Do you have an existing Maven-based Java EE application that you’d like to clean up a bit in the browser? Do your URLs look too much like this:
And not enough like this?
Are you building a new application, and don’t want to sacrifice anything when it comes to usability or SEO capabilities? Well, URL-rewriting is your answer, and it’s easy to get started, even easier using JBoss Forge.
A recent thread came up on the JSF 2 forums: “Why can’t I use @Inject in a PhaseListener? This CDI stuff is so confusing.
FIrst, before I start explaining: this is
possible, but there’s a little background you should probably know. The answer to the question “why can’t I use CDI in JSF PhaseListeners?” is: because JSF 2 was completed just a few short months before JSR-299 and the rest of the Java EE 6 platform specifications were finalized. In my opinion – because of the current state-of-affairs in the JCP –
it was just not a safe bet to promise integration with other technologies that might not have been finalized in time. Fortunately, however, JSF goes to extra lengths in providing extension points – solving this with an extension was not too difficult.
So Java EE 6 is out, and you’ve decided to give it a go. You’re trying to port an existing application over to the new stack (or are trying to create a new one for the first time,) but exceptions are bursting through the seams and you just can’t seem to get things to work. If you’re familiar with Spring and Hibernate (with all the joy that is OpenSessionInView or
OpenSessionInConversation,) more than likely the problems you’re having are related to the Java Persistence API (
JPA), combined with Enterprise Java Beans (
EJB). Contexts and Dependency Injection (
CDI) should be a familiar face if coming from Spring, but things are subtly different in the world of Java EE.
Here’s a simple tip for all of you AJAX lovers using JSF 2.0. It is
possible to render components that live outside of the form where your AJAX tag lives; actually, it’s possible to render any component by using it’s fully-qualified component ID.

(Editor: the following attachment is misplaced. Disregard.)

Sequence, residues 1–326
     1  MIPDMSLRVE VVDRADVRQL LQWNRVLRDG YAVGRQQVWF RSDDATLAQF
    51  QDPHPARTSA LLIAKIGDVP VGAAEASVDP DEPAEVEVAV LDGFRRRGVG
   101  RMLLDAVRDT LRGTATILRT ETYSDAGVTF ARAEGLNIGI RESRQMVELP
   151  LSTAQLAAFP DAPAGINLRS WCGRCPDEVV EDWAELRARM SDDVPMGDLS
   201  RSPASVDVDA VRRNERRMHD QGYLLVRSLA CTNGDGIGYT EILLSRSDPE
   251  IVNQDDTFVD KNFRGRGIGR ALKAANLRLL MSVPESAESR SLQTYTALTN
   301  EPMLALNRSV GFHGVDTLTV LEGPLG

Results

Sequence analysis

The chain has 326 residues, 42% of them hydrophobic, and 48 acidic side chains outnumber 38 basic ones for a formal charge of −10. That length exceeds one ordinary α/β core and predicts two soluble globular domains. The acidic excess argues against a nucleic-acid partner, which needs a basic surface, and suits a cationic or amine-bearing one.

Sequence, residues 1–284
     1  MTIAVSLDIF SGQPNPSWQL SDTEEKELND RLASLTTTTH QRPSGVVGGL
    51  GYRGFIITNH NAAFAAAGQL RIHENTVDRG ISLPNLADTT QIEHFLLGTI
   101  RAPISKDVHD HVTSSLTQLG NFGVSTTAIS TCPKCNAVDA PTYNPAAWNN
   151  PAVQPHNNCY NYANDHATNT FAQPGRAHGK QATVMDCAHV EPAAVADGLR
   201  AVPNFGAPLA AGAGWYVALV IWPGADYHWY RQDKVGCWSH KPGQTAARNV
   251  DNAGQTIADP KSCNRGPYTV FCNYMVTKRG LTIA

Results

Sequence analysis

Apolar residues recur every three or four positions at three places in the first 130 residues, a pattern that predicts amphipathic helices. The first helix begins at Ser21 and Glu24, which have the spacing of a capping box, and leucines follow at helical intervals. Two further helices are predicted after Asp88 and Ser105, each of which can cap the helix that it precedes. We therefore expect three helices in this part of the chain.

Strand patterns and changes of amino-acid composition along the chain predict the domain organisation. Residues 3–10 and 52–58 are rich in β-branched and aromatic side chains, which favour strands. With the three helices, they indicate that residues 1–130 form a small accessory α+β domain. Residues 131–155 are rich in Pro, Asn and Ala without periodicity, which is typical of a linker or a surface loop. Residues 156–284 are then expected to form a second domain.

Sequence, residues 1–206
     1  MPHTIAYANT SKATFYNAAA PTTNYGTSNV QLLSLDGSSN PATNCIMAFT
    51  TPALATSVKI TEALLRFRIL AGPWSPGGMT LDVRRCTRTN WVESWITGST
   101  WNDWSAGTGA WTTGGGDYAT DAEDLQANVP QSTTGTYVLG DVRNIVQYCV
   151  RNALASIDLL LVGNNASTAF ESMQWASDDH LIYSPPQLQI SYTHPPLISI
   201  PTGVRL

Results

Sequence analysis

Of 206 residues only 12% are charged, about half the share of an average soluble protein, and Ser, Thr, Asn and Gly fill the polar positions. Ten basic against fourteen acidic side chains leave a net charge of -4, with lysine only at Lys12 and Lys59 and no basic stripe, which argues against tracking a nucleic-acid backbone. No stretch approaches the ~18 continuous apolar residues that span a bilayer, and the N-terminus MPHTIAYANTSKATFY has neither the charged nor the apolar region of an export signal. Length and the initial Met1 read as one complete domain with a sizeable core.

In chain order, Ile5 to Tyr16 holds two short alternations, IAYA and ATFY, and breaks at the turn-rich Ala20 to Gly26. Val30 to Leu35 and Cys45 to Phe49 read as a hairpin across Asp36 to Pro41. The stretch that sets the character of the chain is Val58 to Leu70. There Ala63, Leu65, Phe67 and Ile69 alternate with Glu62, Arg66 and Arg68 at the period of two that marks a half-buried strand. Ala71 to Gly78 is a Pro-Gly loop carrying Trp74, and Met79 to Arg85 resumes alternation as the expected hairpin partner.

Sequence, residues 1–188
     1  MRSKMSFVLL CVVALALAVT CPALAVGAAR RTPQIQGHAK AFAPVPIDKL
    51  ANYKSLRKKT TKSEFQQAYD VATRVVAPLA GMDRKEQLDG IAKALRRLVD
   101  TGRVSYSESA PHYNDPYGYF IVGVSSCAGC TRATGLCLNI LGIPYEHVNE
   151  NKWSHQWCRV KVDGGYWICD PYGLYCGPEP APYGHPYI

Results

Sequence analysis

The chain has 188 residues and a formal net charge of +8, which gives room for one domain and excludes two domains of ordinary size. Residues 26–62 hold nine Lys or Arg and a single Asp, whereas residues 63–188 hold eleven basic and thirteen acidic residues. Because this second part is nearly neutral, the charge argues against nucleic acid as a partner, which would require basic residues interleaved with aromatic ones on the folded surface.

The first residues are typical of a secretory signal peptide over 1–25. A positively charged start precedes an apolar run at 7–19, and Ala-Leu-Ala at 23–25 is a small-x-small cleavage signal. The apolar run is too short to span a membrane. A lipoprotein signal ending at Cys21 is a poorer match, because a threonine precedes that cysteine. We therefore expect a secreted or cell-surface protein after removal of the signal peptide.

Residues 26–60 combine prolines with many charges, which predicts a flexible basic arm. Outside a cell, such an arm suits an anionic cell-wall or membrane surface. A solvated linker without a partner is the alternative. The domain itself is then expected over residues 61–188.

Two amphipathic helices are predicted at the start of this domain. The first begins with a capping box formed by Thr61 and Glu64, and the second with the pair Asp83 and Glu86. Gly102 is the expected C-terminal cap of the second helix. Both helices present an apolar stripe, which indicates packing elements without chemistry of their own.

Just prefix the target ID with the naming-container separator character, usually “:”, and provide the full name of the component as it is rendered on the HTML page.
<f:ajax execute="validatePasswords password @this" render=":messages" />
I’d like to start by saying that using JSF by itself can sometimes feel trying to pull your own teeth out with a pair of tweezers, but there’s hope. JSF was designed to be a platform of extensions – a foundation for building web-frameworks, and that it’s done very well. JSF 2.0 addresses most of the concerns about usability (so there’s less tooth pulling,) and provides even more extensibility. That’s where Seam Faces
comes in, that’s where PrettyFaces
On many occasions you might find yourself needing to compare the values of multiple input fields on a given page submit: confirming a password; re-enter password; address lookups; and so on. Performing cross-field form validation is simple – just place Seam’s <s:validateForm> component in the form you wish to validate, then attach your custom Validator.
Ever wondered why JSF doesn’t support bean @Inject-ion in Converters or Validators? Ever wondered how to listen to a single PhaseEvent or ComponentSystemEvent, or filter on events by componentId, or view? Ever wondered why you can’t just @Inject FacesContext, or NavigationHandler?
Well… now you can, with the brand-new, just-out release of Seam Faces — 3.0.0.Alpha3